The two pulsars lie 1600-2000 light-years (500-600 pc) away in our Galaxy and are separated by 800,000 km, about twice the distance between the Earth and Moon. They orbit each other in 2.4 hours, which makes them some of the fastest-moving stars known.

The two stars will gradually draw closer together, with the orbital energy being lost from the system in the form of gravitational radiation.

This effect, which provided strong evidence for the existence of gravitational waves, was first measured by Russell Hulse and Joseph Taylor in the first-known ‘binary pulsar’ system – a pulsar, PSR 1913+16, and its neutron star companion. (For their discovery of this system in 1974, Hulse and Taylor won the 1993 Nobel Prize for Physics.)

The PSR J0737-3039 system is ten times closer to Earth than is PSR 1913+16, which makes it easier to study.

The two pulsars in the new system coalesce in about 85 million years, sending a ripple of gravity waves across the Universe. The characteristics of the system suggest that such coalescences occur more often than previously thought. "The news has been welcomed by gravitational wave hunters, since it boosts their hopes for detecting the gravitational waves," said Professor Nichi D'Amico of Cagliari University.

The surveys designed by the team to discover new pulsars at the Parkes Telescope have been extraordinarily successful. They have discovered over 700 pulsars in the last 5 years, nearly as many as were discovered in the preceding 30 years. The discovery of this double pulsar system will be the major jewel in the crown.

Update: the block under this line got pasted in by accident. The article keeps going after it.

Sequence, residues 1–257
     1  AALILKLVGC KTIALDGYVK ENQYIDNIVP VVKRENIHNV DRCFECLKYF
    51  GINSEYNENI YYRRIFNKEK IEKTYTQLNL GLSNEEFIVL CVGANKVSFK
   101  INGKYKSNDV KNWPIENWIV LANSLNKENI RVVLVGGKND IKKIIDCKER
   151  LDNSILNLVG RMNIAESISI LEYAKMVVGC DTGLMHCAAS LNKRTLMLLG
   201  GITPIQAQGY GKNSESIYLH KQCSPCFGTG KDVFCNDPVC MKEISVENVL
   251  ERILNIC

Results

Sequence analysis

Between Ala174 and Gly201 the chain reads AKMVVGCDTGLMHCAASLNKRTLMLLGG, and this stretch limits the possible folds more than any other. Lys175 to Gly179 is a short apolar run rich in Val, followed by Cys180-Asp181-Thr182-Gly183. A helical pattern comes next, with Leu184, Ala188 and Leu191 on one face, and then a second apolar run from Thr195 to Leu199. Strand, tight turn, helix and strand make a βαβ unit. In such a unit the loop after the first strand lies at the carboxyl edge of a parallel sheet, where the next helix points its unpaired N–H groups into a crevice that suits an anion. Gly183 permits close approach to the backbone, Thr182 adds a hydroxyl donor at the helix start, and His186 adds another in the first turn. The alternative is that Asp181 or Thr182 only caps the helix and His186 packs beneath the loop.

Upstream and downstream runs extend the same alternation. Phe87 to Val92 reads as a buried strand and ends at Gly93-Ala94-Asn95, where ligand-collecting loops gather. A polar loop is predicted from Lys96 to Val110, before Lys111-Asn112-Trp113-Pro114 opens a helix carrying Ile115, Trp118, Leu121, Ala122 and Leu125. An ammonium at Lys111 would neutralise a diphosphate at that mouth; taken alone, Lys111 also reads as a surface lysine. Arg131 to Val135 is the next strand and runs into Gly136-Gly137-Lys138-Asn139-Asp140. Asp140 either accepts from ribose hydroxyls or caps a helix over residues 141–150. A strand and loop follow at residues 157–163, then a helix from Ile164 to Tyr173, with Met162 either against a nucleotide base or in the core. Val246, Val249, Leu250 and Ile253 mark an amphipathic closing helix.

Publication

A.G. Lyne, M. Burgay, M. Kramer, A. Possenti, R.N. Manchester, F. Camilo, M.A. McLaughlin, D.R. Lorimer, N. D'Amico, B.C. Joshi, J. Reynolds and P.C.C. Freire. "A Double-Pulsar System - A Rare Laboratory for Relativistic Gravity and Plasma Physics". Science 8 January 2004.

Background information

A pulsar is the collapsed core of a massive star that has ended its life in a supernova explosion. Weighing more than our Sun, yet only 20 kilometres across, these incredibly dense objects produce beams of radio waves which sweep round the sky like a lighthouse, often hundreds of times a second. Radio telescopes receive a regular train of pulses as the beam repeatedly crosses the Earth so the objects are observed as a pulsating radio signal.